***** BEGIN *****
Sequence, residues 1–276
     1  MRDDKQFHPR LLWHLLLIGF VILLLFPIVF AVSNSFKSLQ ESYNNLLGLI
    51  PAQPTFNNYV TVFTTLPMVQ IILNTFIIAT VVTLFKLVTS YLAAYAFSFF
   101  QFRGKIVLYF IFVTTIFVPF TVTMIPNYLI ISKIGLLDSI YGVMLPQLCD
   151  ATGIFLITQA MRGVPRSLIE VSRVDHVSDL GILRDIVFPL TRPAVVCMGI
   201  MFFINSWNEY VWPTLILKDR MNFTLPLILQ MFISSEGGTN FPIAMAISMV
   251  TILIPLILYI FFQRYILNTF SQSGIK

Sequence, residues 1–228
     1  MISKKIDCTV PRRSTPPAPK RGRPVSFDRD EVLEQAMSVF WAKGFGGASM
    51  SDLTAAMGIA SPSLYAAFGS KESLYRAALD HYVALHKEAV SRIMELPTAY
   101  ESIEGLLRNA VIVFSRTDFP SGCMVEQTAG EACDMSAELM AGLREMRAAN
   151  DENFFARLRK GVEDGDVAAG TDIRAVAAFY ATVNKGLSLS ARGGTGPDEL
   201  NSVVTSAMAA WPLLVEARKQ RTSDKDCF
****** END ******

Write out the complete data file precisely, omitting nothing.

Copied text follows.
Sequence, residues 1–276
     1  MRDDKQFHPR LLWHLLLIGF VILLLFPIVF AVSNSFKSLQ ESYNNLLGLI
    51  PAQPTFNNYV TVFTTLPMVQ IILNTFIIAT VVTLFKLVTS YLAAYAFSFF
   101  QFRGKIVLYF IFVTTIFVPF TVTMIPNYLI ISKIGLLDSI YGVMLPQLCD
   151  ATGIFLITQA MRGVPRSLIE VSRVDHVSDL GILRDIVFPL TRPAVVCMGI
   201  MFFINSWNEY VWPTLILKDR MNFTLPLILQ MFISSEGGTN FPIAMAISMV
   251  TILIPLILYI FFQRYILNTF SQSGIK

Sequence, residues 1–228
     1  MISKKIDCTV PRRSTPPAPK RGRPVSFDRD EVLEQAMSVF WAKGFGGASM
    51  SDLTAAMGIA SPSLYAAFGS KESLYRAALD HYVALHKEAV SRIMELPTAY
   101  ESIEGLLRNA VIVFSRTDFP SGCMVEQTAG EACDMSAELM AGLREMRAAN
   151  DENFFARLRK GVEDGDVAAG TDIRAVAAFY ATVNKGLSLS ARGGTGPDEL
   201  NSVVTSAMAA WPLLVEARKQ RTSDKDCF